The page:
·         The amount of sensitive personally identifying information owned or licensed by the covered entity and the type of activities for which the information is accessed, acquired, or maintained by or on its behalf.

·         The covered entity’s cost to implement and maintain the security measures to protect against a breach of security relative to its resources.

Reasonable security measures would mean security measures that are reasonable for a covered entity to implement and maintain, including consideration of all of the following:

·         Designation of an employee or employees to coordinate security measures to protect against a breach of security.

·         Identification of internal and external risks of a breach of security.

·         Adoption of appropriate information safeguards designed to address identified risks and assess the effectiveness of those safeguards.

·         Retention of service providers contractually required to maintain appropriate safeguards for sensitive personally identifying information.

·         Evaluation and adjustment of security measures to account for changes in circumstance affecting the security of sensitive personally identifying information.

Breach of security

If a covered entity determines that a breach of security has or may have occurred, it would have to conduct a good-faith and prompt investigation including all of the following:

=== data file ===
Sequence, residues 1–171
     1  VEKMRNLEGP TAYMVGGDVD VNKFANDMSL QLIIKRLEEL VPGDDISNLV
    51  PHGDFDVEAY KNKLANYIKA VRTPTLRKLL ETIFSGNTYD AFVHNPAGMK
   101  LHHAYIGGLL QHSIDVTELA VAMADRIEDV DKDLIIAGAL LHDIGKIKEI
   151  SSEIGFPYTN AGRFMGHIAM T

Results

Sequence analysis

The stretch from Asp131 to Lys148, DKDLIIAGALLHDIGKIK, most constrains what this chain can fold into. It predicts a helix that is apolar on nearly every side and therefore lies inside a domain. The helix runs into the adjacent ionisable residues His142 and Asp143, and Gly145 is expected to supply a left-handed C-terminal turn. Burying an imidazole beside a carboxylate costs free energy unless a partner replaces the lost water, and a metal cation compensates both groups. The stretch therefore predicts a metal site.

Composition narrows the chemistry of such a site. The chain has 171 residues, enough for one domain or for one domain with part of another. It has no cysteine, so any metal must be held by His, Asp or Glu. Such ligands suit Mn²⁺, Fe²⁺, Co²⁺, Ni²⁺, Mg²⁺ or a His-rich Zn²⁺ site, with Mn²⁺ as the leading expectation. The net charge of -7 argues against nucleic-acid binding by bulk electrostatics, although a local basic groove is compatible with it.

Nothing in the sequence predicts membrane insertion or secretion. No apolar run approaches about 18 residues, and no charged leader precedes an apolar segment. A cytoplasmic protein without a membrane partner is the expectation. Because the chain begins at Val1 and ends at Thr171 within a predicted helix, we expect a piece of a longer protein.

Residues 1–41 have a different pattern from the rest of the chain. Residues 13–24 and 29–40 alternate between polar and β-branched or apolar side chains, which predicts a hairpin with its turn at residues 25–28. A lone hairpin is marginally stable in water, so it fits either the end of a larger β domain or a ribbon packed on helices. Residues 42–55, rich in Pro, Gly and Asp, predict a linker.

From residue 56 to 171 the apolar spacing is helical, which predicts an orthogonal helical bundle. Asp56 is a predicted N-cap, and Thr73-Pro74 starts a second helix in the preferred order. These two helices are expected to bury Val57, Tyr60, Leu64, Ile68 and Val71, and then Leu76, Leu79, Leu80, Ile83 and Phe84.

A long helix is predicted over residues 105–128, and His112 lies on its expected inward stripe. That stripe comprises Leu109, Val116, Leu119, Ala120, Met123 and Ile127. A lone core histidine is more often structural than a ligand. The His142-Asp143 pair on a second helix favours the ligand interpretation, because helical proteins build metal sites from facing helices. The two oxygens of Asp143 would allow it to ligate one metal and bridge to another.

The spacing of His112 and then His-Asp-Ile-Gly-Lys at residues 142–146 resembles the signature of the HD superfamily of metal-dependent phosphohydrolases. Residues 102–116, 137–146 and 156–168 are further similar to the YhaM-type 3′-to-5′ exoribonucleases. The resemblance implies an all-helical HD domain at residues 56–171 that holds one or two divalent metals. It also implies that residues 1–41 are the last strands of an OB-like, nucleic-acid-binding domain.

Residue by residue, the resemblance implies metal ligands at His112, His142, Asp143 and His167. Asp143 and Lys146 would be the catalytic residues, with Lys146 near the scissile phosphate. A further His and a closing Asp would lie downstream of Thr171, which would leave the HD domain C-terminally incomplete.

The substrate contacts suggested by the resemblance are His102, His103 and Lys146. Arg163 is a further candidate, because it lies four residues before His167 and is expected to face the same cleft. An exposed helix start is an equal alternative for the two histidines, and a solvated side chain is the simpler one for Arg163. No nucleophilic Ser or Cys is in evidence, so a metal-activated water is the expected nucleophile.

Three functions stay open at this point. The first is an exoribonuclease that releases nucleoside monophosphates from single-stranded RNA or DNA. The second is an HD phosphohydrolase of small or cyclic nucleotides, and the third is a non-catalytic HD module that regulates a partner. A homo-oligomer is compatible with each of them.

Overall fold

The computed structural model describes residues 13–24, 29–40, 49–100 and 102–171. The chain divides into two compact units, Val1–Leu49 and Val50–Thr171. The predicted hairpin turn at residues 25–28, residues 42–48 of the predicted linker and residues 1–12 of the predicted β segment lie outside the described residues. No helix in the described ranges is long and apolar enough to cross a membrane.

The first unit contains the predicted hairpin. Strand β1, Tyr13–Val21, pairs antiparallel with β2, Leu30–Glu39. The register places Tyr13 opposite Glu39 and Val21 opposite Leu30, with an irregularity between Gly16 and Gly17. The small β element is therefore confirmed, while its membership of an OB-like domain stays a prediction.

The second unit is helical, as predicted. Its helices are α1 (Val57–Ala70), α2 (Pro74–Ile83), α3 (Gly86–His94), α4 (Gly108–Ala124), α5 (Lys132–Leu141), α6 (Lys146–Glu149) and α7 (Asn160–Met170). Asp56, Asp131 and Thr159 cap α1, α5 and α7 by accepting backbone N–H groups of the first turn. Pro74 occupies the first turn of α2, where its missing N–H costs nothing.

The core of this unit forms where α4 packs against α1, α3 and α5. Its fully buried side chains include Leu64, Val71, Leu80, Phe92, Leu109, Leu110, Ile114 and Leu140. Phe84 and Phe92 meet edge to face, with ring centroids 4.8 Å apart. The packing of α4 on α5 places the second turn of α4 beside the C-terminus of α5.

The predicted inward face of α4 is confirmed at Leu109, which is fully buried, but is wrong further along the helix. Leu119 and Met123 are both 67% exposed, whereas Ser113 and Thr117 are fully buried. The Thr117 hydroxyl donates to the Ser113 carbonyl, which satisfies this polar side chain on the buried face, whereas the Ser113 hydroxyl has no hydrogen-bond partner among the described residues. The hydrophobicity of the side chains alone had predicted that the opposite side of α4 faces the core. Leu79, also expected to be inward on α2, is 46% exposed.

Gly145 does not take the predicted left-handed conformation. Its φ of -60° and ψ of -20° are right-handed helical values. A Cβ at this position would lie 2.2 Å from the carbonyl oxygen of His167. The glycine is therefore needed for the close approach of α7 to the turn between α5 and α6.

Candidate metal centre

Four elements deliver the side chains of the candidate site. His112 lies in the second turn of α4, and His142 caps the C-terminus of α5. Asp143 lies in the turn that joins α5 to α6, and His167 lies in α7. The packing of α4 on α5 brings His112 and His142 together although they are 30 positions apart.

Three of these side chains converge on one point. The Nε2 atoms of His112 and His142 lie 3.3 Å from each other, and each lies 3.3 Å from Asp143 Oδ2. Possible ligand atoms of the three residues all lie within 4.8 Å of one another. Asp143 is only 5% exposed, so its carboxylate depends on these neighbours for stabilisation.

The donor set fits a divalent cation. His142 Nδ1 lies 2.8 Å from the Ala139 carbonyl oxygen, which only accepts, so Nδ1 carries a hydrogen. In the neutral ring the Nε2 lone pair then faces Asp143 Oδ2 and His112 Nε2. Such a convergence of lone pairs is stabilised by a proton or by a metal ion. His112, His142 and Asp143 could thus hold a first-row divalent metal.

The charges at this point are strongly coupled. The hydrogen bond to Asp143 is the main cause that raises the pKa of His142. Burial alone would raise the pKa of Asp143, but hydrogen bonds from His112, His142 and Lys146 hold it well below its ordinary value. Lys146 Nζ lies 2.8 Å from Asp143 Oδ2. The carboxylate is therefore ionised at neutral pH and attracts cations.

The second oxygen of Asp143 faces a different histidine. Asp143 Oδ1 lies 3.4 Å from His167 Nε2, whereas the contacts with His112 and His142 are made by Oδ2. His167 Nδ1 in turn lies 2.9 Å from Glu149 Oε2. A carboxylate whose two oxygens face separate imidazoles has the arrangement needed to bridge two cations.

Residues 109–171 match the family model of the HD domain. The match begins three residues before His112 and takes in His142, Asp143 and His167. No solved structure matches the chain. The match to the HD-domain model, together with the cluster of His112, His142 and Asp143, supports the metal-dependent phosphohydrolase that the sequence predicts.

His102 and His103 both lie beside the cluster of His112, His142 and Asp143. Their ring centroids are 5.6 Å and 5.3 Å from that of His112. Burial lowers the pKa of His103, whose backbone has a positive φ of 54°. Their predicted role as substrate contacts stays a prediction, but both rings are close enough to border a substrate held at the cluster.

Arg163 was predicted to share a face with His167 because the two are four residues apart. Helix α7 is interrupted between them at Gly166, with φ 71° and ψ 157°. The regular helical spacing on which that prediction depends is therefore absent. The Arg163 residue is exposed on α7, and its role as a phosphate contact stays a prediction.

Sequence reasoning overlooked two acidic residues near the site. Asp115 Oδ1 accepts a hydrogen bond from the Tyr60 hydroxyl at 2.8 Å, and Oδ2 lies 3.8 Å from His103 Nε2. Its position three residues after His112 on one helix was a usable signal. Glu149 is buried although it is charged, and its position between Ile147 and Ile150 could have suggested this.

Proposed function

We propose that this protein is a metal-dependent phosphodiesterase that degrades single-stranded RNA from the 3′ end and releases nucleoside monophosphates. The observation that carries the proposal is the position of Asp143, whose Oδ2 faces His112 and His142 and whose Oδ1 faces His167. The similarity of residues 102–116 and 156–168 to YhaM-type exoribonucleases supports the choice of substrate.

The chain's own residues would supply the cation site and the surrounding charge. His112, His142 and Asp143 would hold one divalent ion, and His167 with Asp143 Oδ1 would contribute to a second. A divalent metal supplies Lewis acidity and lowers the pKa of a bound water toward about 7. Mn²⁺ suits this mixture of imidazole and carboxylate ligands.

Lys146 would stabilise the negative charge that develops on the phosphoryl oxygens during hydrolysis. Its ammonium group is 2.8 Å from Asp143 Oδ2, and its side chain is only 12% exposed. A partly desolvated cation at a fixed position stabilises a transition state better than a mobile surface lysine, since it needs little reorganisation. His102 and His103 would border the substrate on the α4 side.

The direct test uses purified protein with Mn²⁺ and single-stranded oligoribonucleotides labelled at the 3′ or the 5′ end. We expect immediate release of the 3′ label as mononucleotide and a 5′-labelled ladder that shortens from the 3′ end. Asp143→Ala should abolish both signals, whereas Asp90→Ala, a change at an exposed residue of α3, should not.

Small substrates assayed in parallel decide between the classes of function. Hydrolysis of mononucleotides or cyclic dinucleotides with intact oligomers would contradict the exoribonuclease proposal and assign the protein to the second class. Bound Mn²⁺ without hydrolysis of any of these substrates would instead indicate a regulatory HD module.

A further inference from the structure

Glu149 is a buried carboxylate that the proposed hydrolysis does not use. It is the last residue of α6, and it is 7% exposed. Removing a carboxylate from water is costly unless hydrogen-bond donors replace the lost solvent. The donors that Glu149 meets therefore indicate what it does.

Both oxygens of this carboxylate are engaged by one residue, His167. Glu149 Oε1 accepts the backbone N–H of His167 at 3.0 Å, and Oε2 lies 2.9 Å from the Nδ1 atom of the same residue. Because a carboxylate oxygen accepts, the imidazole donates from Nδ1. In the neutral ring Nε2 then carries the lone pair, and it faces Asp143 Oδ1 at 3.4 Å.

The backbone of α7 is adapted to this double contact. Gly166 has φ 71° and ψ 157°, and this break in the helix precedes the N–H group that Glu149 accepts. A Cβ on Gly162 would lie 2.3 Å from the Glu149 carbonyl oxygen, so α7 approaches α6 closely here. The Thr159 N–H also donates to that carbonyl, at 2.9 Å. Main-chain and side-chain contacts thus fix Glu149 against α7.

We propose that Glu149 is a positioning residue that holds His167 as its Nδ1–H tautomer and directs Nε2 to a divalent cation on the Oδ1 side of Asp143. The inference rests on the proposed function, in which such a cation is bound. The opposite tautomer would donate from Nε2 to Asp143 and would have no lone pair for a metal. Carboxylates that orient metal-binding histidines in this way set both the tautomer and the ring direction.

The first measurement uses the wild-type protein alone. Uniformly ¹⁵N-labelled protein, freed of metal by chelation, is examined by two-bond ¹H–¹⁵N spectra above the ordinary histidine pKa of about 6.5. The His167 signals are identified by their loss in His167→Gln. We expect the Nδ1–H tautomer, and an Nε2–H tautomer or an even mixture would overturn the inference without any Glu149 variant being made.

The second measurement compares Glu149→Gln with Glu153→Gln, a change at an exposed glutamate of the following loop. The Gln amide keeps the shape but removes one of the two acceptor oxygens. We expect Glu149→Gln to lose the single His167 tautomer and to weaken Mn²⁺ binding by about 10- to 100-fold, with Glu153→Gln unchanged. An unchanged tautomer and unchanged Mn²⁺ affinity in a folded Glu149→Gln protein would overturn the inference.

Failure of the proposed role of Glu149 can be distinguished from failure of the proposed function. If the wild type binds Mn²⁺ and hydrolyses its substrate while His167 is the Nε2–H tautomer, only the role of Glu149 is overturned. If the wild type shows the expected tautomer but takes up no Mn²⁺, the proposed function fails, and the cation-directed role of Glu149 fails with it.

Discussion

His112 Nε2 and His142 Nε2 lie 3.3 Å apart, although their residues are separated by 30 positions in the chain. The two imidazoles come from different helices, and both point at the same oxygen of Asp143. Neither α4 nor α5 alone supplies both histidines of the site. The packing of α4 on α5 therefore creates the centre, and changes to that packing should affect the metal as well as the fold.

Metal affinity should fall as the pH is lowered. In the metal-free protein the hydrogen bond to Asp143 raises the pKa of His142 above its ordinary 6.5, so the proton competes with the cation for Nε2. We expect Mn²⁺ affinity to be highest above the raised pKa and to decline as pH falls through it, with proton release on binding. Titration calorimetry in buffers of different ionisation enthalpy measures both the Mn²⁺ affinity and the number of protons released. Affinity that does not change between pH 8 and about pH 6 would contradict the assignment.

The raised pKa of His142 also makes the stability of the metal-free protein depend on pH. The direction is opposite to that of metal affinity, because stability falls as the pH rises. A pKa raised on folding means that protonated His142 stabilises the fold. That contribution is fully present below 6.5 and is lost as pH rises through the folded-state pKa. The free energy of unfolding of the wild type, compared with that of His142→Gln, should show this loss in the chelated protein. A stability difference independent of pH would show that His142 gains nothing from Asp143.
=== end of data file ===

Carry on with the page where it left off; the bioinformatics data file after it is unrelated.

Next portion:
·         Assessing the nature and scope of the breach.

·         Identifying any sensitive personally identifying information involved in the breach and any state residents to whom that information relates.

·         Determining whether the information has been acquired or is reasonably believed to have been acquired by an unauthorized person.

·         Identifying and implementing measures to restore the security and confidentiality of the systems, if any, compromised in the breach.

 

In determining whether sensitive personally identifying information has been acquired by an unauthorized person without valid authorization, the following factors could be considered:

·         Indications that the information is in the physical possession and control of an unauthorized person, such as a lost or stolen computer or other device containing information.

·         Indications that the information has been downloaded or copied.

·         Indications that the information was used in an unlawful manner, such as fraudulent accounts opened or instances of identity theft reported.

·         Indications that the information was publicly displayed.

Notice of breach of security